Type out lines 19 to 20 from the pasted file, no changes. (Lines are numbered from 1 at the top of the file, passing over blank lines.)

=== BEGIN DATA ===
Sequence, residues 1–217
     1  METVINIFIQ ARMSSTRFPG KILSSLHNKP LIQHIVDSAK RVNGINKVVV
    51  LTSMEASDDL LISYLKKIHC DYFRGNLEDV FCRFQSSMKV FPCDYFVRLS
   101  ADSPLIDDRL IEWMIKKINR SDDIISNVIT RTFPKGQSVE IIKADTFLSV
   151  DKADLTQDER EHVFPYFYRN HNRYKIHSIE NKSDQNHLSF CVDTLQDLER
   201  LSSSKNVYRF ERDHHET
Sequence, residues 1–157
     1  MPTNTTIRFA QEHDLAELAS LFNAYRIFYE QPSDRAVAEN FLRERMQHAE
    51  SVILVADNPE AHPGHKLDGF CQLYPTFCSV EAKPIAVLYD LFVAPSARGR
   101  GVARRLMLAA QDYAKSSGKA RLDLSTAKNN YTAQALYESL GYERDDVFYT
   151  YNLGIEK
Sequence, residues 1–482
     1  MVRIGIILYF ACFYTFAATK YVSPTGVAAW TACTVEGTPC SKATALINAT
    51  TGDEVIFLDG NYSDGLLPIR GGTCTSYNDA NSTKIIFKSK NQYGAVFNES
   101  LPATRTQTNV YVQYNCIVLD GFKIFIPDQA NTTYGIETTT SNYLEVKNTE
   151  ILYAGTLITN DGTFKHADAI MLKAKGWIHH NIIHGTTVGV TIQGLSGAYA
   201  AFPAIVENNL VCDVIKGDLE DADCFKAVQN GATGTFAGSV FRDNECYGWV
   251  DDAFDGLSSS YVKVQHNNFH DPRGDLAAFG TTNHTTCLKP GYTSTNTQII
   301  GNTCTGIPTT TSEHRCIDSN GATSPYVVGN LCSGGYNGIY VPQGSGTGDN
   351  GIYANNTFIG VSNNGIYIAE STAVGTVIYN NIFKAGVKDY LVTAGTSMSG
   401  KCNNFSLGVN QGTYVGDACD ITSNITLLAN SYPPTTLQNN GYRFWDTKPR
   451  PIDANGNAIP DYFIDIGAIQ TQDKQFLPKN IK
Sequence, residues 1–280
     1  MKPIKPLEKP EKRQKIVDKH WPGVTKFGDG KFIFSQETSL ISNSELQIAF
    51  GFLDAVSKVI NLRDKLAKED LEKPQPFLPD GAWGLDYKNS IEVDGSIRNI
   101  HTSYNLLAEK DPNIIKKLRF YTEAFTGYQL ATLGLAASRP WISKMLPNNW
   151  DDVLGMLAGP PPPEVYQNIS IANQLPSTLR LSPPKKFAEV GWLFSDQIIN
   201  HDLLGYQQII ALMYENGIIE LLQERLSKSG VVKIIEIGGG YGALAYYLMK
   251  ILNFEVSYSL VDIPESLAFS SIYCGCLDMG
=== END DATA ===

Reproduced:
   301  GNTCTGIPTT TSEHRCIDSN GATSPYVVGN LCSGGYNGIY VPQGSGTGDN
   351  GIYANNTFIG VSNNGIYIAE STAVGTVIYN NIFKAGVKDY LVTAGTSMSG